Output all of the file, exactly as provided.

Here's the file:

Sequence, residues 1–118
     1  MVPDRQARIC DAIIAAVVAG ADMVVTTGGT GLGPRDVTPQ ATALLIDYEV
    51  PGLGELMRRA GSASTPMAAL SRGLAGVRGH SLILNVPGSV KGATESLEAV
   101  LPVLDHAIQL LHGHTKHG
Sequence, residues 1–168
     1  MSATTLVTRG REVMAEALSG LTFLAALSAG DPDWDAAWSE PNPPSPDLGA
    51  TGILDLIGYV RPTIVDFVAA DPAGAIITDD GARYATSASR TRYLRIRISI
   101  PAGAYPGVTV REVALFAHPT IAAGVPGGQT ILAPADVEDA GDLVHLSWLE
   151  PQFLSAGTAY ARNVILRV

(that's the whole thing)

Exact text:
Sequence, residues 1–118
     1  MVPDRQARIC DAIIAAVVAG ADMVVTTGGT GLGPRDVTPQ ATALLIDYEV
    51  PGLGELMRRA GSASTPMAAL SRGLAGVRGH SLILNVPGSV KGATESLEAV
   101  LPVLDHAIQL LHGHTKHG
Sequence, residues 1–168
     1  MSATTLVTRG REVMAEALSG LTFLAALSAG DPDWDAAWSE PNPPSPDLGA
    51  TGILDLIGYV RPTIVDFVAA DPAGAIITDD GARYATSASR TRYLRIRISI
   101  PAGAYPGVTV REVALFAHPT IAAGVPGGQT ILAPADVEDA GDLVHLSWLE
   151  PQFLSAGTAY ARNVILRV